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The eighteenth-century Venetian painter Giovanni Antonio Canal, known as Canaletto, was an artist well-known for his scenes of Venice, though he also worked successfully within the cities of Rome and London as well.
One of his works was the painting titled The Molo, Seen from the Bacino di San Marco. The scene shows a view from the San Marco basin, facing the Doge's Palace and the heart of Venice. Canaletto painted The Molo, Seen from the Bacino di San Marco in the 1730s. The picture is an oil on canvas work that measures 68.8 x 112.7 cm. It's thought that the painting's original owner was Edward Howard, 9th Duke of Norfolk. In July 2013, an auction at Christies in London saw it sold for £8.6m to a private collector. The theme is one that Canaletto returned to on several occasions. A similar painting is on display in the Louvre in Paris and this artist's paintings are dispersed right across Europe today, with a few further afield in the US. His popularity today is perhaps even stronger than how he was regarded during his own lifetime, such is the accessible nature of his artistic style and the rise in popularity of landscape and cityscape art more generally.
The subject in Canaletto's painting of the Molo is not just the splendour of the Venetian buildings seen across the canal. By including boats and people in his picture, he shows the activity taking place on the quayside that is the Molo. In this specific version of the painting, Canaletto places three boats on the left of the picture. A barge is on the right. Looking at the boats, Canaletto captures a sense of energy and activity in the scene. One way that he does this is by showing the boatman in the first boat pulling back on the oar to avoid crashing into a gondola. A sailor on the barge is paying out a rope to the third boat that is just behind the gondola. Looking at the figures in the boats, Canaletto has applied great detail to both their clothing and the colours, leaving behind a charming depiction of life at that time that we today can step straight into. Such was the huge scale of these paintings that any viewer stood in front of such artworks can become engulfed in the scene, just as contemporary artists such as Mark Rothko would do many centuries later with their large murals.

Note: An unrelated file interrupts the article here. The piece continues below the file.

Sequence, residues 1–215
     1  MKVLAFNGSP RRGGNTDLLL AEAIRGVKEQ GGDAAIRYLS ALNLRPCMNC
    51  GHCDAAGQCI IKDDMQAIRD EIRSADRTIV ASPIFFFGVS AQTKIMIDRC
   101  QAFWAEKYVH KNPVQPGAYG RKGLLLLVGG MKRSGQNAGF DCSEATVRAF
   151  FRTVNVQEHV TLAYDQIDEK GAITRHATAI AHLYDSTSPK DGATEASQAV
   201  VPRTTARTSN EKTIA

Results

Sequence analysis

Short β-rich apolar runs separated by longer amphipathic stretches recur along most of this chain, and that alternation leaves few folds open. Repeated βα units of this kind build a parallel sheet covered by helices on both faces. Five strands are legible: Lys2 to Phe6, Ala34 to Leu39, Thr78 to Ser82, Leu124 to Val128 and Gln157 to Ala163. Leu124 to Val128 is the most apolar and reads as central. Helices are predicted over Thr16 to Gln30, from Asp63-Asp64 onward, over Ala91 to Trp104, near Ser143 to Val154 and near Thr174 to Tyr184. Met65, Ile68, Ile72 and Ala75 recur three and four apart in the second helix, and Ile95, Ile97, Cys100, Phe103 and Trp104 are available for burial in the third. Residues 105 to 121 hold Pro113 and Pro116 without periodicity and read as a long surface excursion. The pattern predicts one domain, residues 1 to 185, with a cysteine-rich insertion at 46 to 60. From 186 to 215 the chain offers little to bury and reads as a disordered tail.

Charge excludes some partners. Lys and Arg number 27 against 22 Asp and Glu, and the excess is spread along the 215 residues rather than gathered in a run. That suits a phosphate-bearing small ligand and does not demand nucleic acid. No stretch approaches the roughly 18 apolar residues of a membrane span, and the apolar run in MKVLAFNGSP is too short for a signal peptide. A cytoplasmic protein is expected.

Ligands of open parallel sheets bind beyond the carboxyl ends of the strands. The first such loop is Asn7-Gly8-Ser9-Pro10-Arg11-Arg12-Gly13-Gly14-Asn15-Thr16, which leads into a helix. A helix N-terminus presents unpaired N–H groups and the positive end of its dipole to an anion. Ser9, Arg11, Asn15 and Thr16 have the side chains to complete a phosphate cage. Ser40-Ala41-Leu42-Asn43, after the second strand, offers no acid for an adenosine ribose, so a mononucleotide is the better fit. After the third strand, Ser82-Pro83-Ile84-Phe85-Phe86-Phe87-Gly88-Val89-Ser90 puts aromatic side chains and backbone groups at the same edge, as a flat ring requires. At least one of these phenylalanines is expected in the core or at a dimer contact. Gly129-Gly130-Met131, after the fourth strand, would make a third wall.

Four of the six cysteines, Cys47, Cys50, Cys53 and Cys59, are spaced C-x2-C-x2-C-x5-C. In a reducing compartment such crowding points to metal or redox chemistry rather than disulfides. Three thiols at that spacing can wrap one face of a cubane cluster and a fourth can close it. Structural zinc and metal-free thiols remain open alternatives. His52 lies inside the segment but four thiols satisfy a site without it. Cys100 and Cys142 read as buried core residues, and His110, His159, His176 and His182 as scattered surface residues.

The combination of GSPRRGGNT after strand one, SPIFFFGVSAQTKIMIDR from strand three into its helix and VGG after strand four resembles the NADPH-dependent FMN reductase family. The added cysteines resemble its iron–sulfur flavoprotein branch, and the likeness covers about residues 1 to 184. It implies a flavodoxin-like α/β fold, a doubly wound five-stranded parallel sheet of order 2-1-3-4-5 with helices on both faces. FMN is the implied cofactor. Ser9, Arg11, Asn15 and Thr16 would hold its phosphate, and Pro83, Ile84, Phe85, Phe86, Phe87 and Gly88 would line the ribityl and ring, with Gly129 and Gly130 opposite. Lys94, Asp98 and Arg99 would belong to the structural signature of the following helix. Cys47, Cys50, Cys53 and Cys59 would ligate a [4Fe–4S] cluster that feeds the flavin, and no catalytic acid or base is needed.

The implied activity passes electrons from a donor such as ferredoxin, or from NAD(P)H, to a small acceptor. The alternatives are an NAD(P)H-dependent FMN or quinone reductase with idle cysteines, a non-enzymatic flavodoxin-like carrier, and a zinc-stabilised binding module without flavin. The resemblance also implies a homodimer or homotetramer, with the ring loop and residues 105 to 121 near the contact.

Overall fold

As well as the boats on the canal, Canaletto displays some key buildings that define Venice. The view across the canal shows key buildings in the heart of Venice. In the picture, the bell tower is located on the left of the entrance to the Piazza di San Marco. On the right is the Doge's Palace. The Columns of Saint Mark and Saint Theodore stand at the entrance to the Piazza di San Marco. In front of them is the Molo. What the viewer sees in the painting is Canaletto's style of applying attention to detail. The result is that he offers the viewer a sense of realism in the picture and an ability to step back in time to an entirely different world. That said, it would be entirely wrong to consider Canaletto a member of the Realism movement, as not only did it appear well after his career, but he also did append his own imagination and emotions onto his creations. This makes him more similar to the Romanticist and Impressionists artists.